Other Good Things to Give Up for Lent

  1. Nagging
  2. Online Shopping
  3. Snacking (or just your favorite snack)
  4. Constantly Checking Your Phone
  5. Hitting the Drive Thru
  6. A Specific Food Group (bread, cheese, sweets)
  7. Negative Relationships
  8. Clutter (Donate 40 things over 40 days)
  9. Speaking (or thinking) Negative Thoughts about Yourself
  10. Trying to Control or Manipulate Others to Get Your Own Way


Of course, you don’t need to overthink it. There are TONS of good things to give up for Lent. You just need to pick one. Don’t worry about getting it “wrong.” You can’t. Just pick one. You can always pick something else next year. (Or any time of year–not just during the Lenten season!)


Or… Choose One of These Things to Do For Lent

Of course, you don’t have to give something up for Lent. You could choose to ADD something for Lent instead!

For example, you might choose to:

  1. Read your Bible
  2. Pray
  3. Go to Church/Mass
  4. Memorize Scripture
  5. Read a Daily Devotional Each Day
  6. Read a Christian Living Book
  7. Watch Christian Movies
  8. Write Cards to the Sick, Elderly or Military
  9. Listen to Christian Music
  10. Make an Appointment to Talk to a Pastor/Priest


Personally, I typically opt to ADD things for Lent rather than give something up.

For the last few years, I’ve chosen to read through the Catholic Catechism for Lent each year as I research more about what Catholics believe and why.

I’m saving up all of my questions in a note on my phone, and once I have a list, I’ll meet with a Catholic Priest to ask hard questions and get clarification.

I’ve done this for the last several years, and I’ve really enjoyed learning more. Plus, I know it’s something I may not make enough time for if I didn’t specifically choose to read it for Lent.

(Hence why it’s taken me three years now to read through it!)


*This post contains affiliate links, which means if you make a purchase, I may make a small commission at no additional cost to you. This helps cover the many costs of running this site and allows me to help provide for my growing family.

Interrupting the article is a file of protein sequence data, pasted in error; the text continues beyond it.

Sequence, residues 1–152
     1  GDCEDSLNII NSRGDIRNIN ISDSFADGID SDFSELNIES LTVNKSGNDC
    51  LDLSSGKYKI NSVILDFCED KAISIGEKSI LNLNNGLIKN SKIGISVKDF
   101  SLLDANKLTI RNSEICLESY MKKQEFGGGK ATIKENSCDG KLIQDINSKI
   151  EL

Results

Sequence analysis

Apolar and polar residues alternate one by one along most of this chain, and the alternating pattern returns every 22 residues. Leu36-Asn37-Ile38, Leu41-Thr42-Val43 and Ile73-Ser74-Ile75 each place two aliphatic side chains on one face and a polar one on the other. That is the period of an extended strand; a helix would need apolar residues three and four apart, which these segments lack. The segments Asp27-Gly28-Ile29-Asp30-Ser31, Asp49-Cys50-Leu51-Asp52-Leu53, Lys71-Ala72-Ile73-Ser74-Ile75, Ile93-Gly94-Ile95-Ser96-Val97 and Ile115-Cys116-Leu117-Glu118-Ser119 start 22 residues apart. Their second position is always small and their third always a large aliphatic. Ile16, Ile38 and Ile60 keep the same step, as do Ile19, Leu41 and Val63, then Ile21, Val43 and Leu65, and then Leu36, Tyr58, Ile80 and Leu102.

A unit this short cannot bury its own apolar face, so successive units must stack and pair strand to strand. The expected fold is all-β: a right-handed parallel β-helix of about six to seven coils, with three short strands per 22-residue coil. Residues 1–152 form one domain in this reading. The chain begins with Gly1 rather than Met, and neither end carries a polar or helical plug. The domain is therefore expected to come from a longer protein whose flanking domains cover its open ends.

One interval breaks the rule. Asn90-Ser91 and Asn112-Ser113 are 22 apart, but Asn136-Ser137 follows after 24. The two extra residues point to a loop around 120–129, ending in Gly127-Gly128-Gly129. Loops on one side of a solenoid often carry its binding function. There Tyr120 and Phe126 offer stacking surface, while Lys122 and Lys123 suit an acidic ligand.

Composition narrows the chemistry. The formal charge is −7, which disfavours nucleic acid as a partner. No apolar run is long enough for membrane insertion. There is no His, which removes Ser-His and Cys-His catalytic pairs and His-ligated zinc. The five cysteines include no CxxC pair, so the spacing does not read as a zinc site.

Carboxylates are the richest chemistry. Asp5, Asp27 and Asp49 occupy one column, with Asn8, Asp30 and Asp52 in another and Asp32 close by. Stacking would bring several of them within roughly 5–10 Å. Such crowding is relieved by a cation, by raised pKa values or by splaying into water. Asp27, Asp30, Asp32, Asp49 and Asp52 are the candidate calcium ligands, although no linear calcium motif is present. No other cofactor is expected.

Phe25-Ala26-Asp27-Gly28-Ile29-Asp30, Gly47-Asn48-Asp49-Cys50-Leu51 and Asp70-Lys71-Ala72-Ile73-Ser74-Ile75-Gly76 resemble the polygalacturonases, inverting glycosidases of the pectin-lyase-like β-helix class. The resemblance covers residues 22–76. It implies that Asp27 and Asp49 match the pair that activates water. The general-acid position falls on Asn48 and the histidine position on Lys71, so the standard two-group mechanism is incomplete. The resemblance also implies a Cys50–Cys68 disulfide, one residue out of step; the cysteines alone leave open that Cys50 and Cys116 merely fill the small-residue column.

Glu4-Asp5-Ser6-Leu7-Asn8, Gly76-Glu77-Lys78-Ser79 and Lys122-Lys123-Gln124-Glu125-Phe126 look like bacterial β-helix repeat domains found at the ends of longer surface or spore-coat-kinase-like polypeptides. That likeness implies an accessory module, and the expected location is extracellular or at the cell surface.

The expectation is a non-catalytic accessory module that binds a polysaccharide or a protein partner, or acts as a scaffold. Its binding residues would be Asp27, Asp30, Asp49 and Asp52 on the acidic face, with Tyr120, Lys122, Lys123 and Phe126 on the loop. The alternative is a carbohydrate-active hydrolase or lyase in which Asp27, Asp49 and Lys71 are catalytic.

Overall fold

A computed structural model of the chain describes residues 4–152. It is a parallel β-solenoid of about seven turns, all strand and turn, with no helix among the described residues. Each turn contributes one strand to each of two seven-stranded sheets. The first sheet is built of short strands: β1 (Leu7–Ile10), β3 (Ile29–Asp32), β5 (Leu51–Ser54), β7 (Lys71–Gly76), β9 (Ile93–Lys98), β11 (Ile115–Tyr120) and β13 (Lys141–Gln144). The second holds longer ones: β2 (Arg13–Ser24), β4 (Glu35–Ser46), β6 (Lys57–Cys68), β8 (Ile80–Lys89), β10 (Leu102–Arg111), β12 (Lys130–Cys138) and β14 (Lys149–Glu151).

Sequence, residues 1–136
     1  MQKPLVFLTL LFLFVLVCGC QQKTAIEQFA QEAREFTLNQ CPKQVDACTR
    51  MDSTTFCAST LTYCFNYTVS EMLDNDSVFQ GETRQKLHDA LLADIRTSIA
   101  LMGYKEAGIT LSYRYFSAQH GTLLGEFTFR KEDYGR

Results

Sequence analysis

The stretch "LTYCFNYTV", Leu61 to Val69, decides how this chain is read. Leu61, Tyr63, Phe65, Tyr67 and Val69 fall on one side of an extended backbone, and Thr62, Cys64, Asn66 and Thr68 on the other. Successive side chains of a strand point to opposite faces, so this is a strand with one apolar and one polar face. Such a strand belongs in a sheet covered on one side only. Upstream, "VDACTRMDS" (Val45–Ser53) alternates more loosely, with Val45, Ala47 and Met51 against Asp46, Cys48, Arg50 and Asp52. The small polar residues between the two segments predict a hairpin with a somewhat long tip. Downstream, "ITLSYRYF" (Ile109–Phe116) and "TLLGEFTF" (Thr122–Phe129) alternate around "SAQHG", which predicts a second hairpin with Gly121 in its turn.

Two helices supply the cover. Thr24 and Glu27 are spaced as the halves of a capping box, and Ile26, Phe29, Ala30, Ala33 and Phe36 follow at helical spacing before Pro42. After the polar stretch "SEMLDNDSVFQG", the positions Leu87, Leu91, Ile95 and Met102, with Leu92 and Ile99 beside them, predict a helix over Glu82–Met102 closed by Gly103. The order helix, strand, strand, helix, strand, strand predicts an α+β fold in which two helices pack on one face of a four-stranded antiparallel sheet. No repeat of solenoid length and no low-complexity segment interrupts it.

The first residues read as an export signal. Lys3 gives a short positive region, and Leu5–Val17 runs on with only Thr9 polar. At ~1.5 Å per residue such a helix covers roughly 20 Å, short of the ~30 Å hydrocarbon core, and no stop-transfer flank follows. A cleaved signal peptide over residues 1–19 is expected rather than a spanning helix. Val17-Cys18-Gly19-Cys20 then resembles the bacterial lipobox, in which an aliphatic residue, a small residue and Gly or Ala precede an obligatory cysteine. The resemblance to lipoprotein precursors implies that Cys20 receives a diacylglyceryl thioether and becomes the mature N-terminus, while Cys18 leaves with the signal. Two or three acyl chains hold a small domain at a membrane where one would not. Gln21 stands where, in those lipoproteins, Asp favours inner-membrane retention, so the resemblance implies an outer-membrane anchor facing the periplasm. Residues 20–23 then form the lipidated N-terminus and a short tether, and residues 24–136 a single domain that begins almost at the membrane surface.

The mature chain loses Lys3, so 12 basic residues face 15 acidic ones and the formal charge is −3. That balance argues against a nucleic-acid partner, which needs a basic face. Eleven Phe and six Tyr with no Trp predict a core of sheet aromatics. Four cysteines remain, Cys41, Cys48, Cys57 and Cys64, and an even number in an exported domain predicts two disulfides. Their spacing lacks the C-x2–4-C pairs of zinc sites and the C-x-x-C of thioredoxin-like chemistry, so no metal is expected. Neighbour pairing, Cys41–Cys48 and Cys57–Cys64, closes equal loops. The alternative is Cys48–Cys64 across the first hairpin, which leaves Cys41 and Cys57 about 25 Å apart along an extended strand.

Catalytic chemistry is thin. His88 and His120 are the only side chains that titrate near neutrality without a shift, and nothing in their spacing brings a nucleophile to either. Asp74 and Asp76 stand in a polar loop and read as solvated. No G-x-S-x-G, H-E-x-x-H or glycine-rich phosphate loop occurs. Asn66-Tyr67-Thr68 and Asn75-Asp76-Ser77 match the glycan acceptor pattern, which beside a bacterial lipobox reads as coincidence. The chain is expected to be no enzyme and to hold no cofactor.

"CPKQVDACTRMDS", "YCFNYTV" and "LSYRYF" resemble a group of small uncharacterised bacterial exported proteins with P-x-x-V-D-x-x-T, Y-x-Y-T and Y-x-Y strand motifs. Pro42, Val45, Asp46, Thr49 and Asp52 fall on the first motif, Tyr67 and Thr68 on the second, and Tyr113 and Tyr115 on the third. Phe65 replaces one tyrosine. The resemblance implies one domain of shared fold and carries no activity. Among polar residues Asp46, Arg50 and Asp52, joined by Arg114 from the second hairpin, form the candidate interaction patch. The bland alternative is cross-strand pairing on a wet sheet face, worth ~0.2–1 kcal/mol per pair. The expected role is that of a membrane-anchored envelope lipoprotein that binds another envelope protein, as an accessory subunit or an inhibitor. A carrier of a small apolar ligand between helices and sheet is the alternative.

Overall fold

Take the “What Should I Give Up for Lent” Quiz!


STILL stumped on what to give up for Lent?

Why not take a fun “What Should I Give Up for Lent” quiz? There are tons of them out there, and they’re a great way to waste time while you’re debating what to give up for Lent! ?


What should I give up for lent quiz


Here are a few “What to Give Up for Lent” quizzes you might enjoy:

What Should I Give Up For Lent? – ProProfs Quizzes

Quiz: What Should You Give Up for Lent – EpicPew

What Should You Give Up For Lent? – Buzzfeed



STILL need ideas? Here are 10 Out of the Box Things to Give up for Lent from Your Modern Family and 10 Things You Can Do (or Give Up) for Lent As a Family from A Mother Far From Home. Maybe one of these will spark some more ideas for what to give up for Lent!


Are you giving up something for Lent in 2022? What are you going to give up for Lent in 2022? What other good things to give up for Lent have you chosen in the past?


Don’t forget to check out these other fantastic Lent resources as well:


 Where is Lent in the Bible?

 What to Give Up for Lent 2021: Get the 50 [Best] Lent Ideas!

 50+ Easy Lent Recipes You'll Love to Make in 2021



Join the Discussion

Comment policy: All opinions are welcome here and friendly, edifying debates are encouraged. However, comments that are rude, hateful, malicious, or spammy will be immediately deleted without warning. Your email address will not be shared publicly. 

  1. I think I’ll go get a TracFone and get rid of my smartphone. We don’t have wi-fi so I won’t have any access to the Internet which sucks the life out of me.

  2. I instead of a 21 day financial fast am doing this through lent. My faith does not follow Lent observance yet every year i do something. Financial fast is no buying things that are not necessary. J do get a treat on Sunday the day of celebration. No sodas crafts etc.

  3. I think it is so nice you offered a post on lent this year. Lent can be an opportunity for all people to grow closer to The Lord through self denial and prayer. I realize the season of lent has passed, but I thought I would clarify a bit about the Catholic practices you mentioned. For Catholics, lent is much more than giving up meat on certain days (this is primarily Fridays, but also on Ash Wednesday). Lent also includes prayer, fasting (this can be from anything, not just food), alms giving, penance, attending retreats or additional prayer services, etc. For Catholics, lent is a beautiful time to reorder our lives, turn our hearts back to God, and prepare our hearts to renew our baptismal promises. It is a deeply spiritual time to contemplate the suffering and passion of our Lord. The 40 day period of lent imitates our Lord’s 40 day suffering in the desert when he was tempted by Satan (Matt 4:1-11). I hope more people learn the meaning of the season of lent and realize they are invited to enter into this sacred time. All people (not just Catholics) can attend the Catholic services (with the exception of Holy Communion), take part in the practices, and grow closer to The Lord. Thank you again for sharing your thoughts. More can be learned here: http://www.catholic.org/clife/lent/faq.php Blessings to you and your family!